Chest X-ray Level 2 Tutorial: Congestive Heart Failure
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Tutorial: Congestive Heart Failure
Learn an approach to CHF findings on chest x-ray
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Tutorial: Congestive Heart Failure Peribronchial Cuffing
Times Practiced
Cases Completed
1h 24m
Total Time spent
1m 24s
Average Time
Peribronchial Cuffing
As the hydrostatic pressure in the pulmonary vessels increases, fluid will leak out of the vessels into the interstitial space of the lung. One anatomic structure in which fluid can accumulate are the airways.

When the airways become edematous, a couple things happen. First, the walls of the airways become thicker with fluid and therefore appear thicker and fluffy white on x-ray. Second, the diameter of the airways become smaller. Although not greatly appreciated on chest x-ray, this is greatly appreciated by the patient. The resistance in their airways increases as the diameter decreases and they start to work to exhale and can develop an expiratory wheeze. This is also called cardiac asthma, but that is a stupid name because it is not asthma at all. It should be called by its proper name: congestive heart failure. All that wheezes is NOT asthma.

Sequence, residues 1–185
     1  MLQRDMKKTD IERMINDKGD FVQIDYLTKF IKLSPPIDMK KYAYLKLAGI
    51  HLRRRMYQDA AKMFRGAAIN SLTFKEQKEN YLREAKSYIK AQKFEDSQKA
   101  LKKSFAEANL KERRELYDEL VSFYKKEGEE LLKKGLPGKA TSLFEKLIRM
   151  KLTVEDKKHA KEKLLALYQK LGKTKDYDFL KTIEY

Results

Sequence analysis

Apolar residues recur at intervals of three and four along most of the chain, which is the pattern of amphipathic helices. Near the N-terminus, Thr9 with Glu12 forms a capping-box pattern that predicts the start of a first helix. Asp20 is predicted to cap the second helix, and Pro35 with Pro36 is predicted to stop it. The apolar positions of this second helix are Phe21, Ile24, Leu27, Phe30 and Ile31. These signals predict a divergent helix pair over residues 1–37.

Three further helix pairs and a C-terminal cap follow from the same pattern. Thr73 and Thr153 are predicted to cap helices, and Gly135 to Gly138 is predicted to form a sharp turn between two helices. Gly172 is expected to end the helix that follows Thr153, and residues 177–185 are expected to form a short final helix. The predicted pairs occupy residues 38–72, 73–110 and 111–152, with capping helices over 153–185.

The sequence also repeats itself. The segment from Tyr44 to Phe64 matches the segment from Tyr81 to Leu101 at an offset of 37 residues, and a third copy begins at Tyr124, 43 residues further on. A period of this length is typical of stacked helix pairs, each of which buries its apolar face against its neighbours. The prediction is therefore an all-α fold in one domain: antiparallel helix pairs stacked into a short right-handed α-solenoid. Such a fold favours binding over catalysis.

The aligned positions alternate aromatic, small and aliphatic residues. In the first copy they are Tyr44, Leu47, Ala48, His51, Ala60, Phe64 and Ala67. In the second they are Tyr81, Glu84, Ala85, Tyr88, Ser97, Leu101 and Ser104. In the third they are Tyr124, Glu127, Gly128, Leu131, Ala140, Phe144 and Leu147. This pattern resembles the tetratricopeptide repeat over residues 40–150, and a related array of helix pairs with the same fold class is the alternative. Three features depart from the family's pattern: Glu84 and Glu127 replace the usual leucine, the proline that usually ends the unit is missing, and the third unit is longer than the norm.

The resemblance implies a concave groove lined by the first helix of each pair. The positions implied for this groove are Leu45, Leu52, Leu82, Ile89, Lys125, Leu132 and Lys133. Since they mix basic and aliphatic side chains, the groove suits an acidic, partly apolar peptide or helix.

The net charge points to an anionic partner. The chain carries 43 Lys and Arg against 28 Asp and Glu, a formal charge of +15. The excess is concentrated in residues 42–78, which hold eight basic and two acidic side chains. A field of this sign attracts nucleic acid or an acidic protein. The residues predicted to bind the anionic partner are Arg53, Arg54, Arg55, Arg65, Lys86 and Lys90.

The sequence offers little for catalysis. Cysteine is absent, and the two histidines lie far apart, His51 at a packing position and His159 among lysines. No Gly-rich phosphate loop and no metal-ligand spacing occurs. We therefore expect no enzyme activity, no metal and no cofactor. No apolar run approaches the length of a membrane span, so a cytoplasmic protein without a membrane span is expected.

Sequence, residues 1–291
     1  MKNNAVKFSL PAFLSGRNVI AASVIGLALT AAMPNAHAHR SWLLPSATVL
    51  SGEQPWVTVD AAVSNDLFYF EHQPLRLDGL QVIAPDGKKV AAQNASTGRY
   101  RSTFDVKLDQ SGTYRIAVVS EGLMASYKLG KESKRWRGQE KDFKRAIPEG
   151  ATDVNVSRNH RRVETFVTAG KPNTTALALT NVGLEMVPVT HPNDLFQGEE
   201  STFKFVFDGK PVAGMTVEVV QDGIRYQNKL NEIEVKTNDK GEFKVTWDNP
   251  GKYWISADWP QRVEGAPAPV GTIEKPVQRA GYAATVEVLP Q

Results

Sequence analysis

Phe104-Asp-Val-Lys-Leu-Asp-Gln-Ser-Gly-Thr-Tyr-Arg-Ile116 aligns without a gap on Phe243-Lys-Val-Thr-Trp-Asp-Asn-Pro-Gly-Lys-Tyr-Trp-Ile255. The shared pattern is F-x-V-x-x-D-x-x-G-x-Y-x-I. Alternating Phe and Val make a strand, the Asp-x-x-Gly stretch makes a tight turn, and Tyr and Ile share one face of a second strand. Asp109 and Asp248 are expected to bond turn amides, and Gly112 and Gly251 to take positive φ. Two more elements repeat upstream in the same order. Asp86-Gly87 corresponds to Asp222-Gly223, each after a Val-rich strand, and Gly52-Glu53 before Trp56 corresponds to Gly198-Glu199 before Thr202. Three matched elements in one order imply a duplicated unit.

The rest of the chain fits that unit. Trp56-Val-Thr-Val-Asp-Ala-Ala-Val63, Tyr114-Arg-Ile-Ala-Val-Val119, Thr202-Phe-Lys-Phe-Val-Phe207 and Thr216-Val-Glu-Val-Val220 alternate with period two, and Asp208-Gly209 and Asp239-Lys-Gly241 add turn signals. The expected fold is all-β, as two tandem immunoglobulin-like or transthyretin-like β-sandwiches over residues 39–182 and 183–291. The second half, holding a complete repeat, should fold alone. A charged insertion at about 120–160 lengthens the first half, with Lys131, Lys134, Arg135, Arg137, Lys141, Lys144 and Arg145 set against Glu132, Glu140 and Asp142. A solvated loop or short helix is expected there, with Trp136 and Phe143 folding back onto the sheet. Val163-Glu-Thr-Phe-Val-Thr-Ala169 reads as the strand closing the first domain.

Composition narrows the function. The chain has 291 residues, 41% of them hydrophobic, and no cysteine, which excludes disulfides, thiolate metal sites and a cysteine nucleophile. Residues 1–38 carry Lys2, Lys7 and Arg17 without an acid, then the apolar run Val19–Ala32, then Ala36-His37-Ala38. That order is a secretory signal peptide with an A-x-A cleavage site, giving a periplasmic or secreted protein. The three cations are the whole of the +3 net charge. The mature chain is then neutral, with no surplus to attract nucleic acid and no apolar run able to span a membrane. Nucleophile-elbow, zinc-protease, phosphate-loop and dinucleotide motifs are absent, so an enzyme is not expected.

So back to the x-ray appearance: when an airway is parallel to the x-ray beam, it will have a black center. If the walls of the airway are edematous, the walls will be thicker and whiter and fluffy so the appearance of the airway changes and this is called peribronchial cuffing because there is a fluffy white cuff around the bronchus.

These images show a normal bronchus seen "end on" (parallel to the x-ray beam):

And for fun, a lateral x-ray example:

So what you should observe in the above images is that the thickness of the bronchus is thin and well defined. These are all normal.

Now, compare now examples of peribronchial cuffing. Keep in mind that due to the edema, the appearance is fuzzy and less "clean" than the normal examples:

Black circles surrounded by fuzzy white halos. That is what we are looking for.